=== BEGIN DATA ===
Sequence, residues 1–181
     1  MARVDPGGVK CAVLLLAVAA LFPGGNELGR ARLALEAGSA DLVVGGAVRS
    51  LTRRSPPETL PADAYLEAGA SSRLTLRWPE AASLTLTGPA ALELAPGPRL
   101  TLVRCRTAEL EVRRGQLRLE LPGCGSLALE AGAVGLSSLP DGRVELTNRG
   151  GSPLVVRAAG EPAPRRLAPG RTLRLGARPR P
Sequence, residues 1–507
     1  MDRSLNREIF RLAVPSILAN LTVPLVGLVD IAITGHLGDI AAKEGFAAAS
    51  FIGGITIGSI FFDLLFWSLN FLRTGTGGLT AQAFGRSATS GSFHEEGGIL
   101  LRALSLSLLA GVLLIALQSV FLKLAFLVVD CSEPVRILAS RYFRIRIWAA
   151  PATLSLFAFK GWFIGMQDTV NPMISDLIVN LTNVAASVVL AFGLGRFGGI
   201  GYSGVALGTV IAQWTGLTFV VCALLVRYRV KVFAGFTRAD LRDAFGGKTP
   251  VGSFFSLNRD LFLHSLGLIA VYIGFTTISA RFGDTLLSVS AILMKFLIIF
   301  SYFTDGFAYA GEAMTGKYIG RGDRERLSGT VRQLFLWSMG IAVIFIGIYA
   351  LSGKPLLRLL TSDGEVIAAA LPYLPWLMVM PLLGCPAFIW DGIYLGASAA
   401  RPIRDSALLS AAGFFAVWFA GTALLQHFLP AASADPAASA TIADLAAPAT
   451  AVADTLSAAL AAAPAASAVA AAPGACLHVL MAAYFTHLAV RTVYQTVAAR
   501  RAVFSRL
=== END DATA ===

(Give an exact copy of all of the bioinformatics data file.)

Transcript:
Sequence, residues 1–181
     1  MARVDPGGVK CAVLLLAVAA LFPGGNELGR ARLALEAGSA DLVVGGAVRS
    51  LTRRSPPETL PADAYLEAGA SSRLTLRWPE AASLTLTGPA ALELAPGPRL
   101  TLVRCRTAEL EVRRGQLRLE LPGCGSLALE AGAVGLSSLP DGRVELTNRG
   151  GSPLVVRAAG EPAPRRLAPG RTLRLGARPR P
Sequence, residues 1–507
     1  MDRSLNREIF RLAVPSILAN LTVPLVGLVD IAITGHLGDI AAKEGFAAAS
    51  FIGGITIGSI FFDLLFWSLN FLRTGTGGLT AQAFGRSATS GSFHEEGGIL
   101  LRALSLSLLA GVLLIALQSV FLKLAFLVVD CSEPVRILAS RYFRIRIWAA
   151  PATLSLFAFK GWFIGMQDTV NPMISDLIVN LTNVAASVVL AFGLGRFGGI
   201  GYSGVALGTV IAQWTGLTFV VCALLVRYRV KVFAGFTRAD LRDAFGGKTP
   251  VGSFFSLNRD LFLHSLGLIA VYIGFTTISA RFGDTLLSVS AILMKFLIIF
   301  SYFTDGFAYA GEAMTGKYIG RGDRERLSGT VRQLFLWSMG IAVIFIGIYA
   351  LSGKPLLRLL TSDGEVIAAA LPYLPWLMVM PLLGCPAFIW DGIYLGASAA
   401  RPIRDSALLS AAGFFAVWFA GTALLQHFLP AASADPAASA TIADLAAPAT
   451  AVADTLSAAL AAAPAASAVA AAPGACLHVL MAAYFTHLAV RTVYQTVAAR
   501  RAVFSRL